Having just hosted the Rugby World Cup in 2019, you would have thought Japan needed a break from organizing international sporting events. But no, it seems like the World Cup was just a warm-up because in 2020 Japan, and more specifically Tokyo, will be the host of the Olympics.
The highly coveted honor of hosting the Summer Olympics was previously bestowed upon Japan in 1964 and now, 56 years later, they are doing it all over again from July 24 until August 9, 2020.
If you’re planning to head to Tokyo to check out the games, you might want to throw some venue-related sight-seeing into the mix. The Olympic Village is a good place to start before checking out the numerous Tokyo 2020 Olympic venues.
So, if you’re ready to immerse yourself in a world of Olympics, here are some venues in Tokyo you cannot miss.
Tokyo 2020 Olympic Venues You Need to See
1. New National Stadium
Sitting where the Old National Stadium once was, the National Stadium will be the main event of the Tokyo 2020 Olympics. It is located in the Shinjuku neighborhood of the city and will be the host of both the opening and closing ceremonies.
If you want to watch an event in this venue, your options are either athletics or football. While you’re in the neighborhood, there are some snazzy eateries around here where you can have an authentic Tokyo Japanese restaurant experience.
2. Tokyo Stadium
Located in the Heritage Zone in Tokyo is the Tokyo Stadium, which will host rugby, football and modern pentathlon. Within the Heritage Zone there are ten venues and there are another two on the border between the Heritage Zone and the Tokyo Bay Zone.
The Heritage Zone is named as such as it embraces Tokyo’s past and iconic cultural heritage. Many of the venues are on the sites of venues used in the 1964 Olympics.
3. Ariake Arena
Over in the Tokyo Bay zone is the Ariake Arena, where the volleyball event will be held. The arena is notable for its architecture, which includes high straight walls and a curved roof. It sits on the waterfront and is one of just a handful of new builds constructed specifically for the Tokyo 2020 Olympic Games.
The Tokyo Bay Zone is the second of the two thematic areas of Tokyo. While the Heritage Zone embraces the past, the Tokyo Bay Zone looks forward to Tokyo’s exciting future.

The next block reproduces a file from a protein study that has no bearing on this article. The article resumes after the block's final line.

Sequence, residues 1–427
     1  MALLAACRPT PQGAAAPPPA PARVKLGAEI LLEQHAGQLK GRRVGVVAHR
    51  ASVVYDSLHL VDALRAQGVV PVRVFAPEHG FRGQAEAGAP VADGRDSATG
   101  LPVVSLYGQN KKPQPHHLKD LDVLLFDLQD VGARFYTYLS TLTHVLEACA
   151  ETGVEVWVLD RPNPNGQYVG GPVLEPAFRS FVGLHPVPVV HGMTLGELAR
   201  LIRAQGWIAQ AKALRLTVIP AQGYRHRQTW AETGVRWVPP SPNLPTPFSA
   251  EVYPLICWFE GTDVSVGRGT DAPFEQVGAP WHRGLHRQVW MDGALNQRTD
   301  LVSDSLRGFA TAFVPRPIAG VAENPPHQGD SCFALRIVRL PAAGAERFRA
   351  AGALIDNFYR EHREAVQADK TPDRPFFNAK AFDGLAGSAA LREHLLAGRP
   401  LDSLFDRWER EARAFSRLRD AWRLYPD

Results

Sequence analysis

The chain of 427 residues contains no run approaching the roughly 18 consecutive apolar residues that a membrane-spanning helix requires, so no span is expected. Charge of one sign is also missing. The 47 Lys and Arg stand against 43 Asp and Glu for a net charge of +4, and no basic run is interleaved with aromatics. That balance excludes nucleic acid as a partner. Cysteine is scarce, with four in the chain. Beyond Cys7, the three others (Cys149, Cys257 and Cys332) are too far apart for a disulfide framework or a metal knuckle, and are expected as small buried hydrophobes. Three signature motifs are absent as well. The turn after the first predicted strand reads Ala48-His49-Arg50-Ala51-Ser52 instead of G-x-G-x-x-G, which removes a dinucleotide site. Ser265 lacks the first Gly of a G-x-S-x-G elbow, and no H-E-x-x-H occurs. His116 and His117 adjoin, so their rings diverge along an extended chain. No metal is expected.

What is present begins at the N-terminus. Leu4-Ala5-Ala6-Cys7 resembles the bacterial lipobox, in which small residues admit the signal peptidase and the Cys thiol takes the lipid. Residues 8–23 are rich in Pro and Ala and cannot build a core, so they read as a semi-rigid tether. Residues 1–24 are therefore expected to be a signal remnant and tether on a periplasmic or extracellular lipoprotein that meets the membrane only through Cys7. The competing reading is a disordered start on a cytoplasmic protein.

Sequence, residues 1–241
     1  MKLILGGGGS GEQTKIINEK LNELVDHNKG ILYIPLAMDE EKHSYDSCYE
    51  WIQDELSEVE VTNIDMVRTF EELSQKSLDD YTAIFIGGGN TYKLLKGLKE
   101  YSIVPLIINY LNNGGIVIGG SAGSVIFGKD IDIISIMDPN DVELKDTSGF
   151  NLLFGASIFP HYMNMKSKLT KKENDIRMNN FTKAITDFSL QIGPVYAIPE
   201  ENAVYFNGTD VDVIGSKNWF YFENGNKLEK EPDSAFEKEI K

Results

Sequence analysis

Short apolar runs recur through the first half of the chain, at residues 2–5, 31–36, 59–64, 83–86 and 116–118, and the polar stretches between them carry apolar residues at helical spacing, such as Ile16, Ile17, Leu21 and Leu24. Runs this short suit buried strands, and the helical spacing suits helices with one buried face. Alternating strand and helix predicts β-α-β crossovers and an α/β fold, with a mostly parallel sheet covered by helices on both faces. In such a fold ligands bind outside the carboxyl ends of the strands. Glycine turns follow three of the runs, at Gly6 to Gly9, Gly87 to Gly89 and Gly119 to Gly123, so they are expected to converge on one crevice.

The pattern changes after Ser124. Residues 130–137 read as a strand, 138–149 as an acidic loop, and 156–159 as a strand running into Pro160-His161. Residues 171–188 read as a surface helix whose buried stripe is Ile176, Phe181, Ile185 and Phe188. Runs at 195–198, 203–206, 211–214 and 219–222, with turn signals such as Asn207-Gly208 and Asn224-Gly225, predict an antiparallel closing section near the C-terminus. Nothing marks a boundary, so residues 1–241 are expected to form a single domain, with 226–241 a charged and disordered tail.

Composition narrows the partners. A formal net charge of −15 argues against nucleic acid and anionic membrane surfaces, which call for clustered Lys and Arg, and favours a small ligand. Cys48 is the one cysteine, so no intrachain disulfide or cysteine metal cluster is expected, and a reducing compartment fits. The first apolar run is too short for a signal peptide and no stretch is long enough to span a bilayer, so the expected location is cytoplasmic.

4. Ariake Urban Sports Park
Not far from the Ariake Arena, and also in the Tokyo Bay Zone, is the Ariake Urban Sports Park. This venue’s spectators will have the pleasure of watching the cycling and skateboarding events.
Within the cycling category, there will be BMX racing and freestyling events – whether you’re a cycling fan or not, these will undoubtedly be cool events to witness. The Ariake Urban Sports Park is not far from the Athlete’s Village (or Olympic Village as it is also known).
5. Athlete’s Village
No trip to an Olympic-hosting city would be complete without checking out its new Olympic Village. In Tokyo, the Athlete’s village location is as interesting as the actual venue itself. When you look at the Heritage Zone and Tokyo Bay Zone on a map, you will see they form an infinity symbol.
The Athlete’s Village is then placed at the exact point where these two loops intersect, showing it’s position on the cusp of antiquity and modernity. There are no events at the Athlete’s Village in Tokyo as it is where the athletes live. Nevertheless, it is worth exploring.
6. Nippon Budokan
While in Japan, it only makes sense to try and see one of the traditional Japanese sporting events. For the Tokyo 2020 Olympic Games, the judo and karate events will be held in the Nippon Budokan, which is known as the “spiritual home of martial arts” in Tokyo and possibly all of Japan – quite the legacy!
Its name translates literally as Martial Ways Hall. This venue is in the heart of the city, so if you’re looking for hotels in Tokyo Japan, you’ll find plenty of them around here.
7. Ariake Tennis Park
You can probably guess which sport is being held at the Ariake Tennis Park. It is, of course, where the Olympic tennis will be played. This venue is in the Tokyo Bay Zone in the Ariake district along with the Ariake Arena and Urbans Sports Park.
This is likely to be one of the most lively parts of Tokyo throughout the course of the Tokyo 2020 Olympic Games so be sure to check it out.
8. Tokyo International Forum
Back in the Heritage Zone of Tokyo is the Tokyo International Forum, a big building made from glass and steel that is supposed to vaguely resemble a boat. It is impressive enough from the outside and that’s before you’ve seen the awe-inspiring feats that take place inside.
The Tokyo International Forum will host the weightlifting event.
9. Aomi Urban Sports Park
If you didn’t get your fill of urban sports parks in Ariake, a little further South is the Aomi Urban Sports Park, where basketball and sport climbing will be held. This venue has great views over the Tokyo Bay and is an important part of the Tokyo Olympics’ organizers Action & Legacy plan.
The aim of this plan is to engage the youth of the world with the 2020 Tokyo Olympics and in doing so allow the Games to leave its legacy for the future generations.
10. Odaiba Marine Park
Last on this list, but by no means least, is the Odaiba Marine Park, which is another of the city’s venues intended to leave its legacy. This park is in an enviable location and aims to fuse nature and city, which it does extraordinarily well.
The venue will play host to aquatics, including marathon swimming, and the triathlon event.
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This post was brought to you in collaboration with Prince Hotels.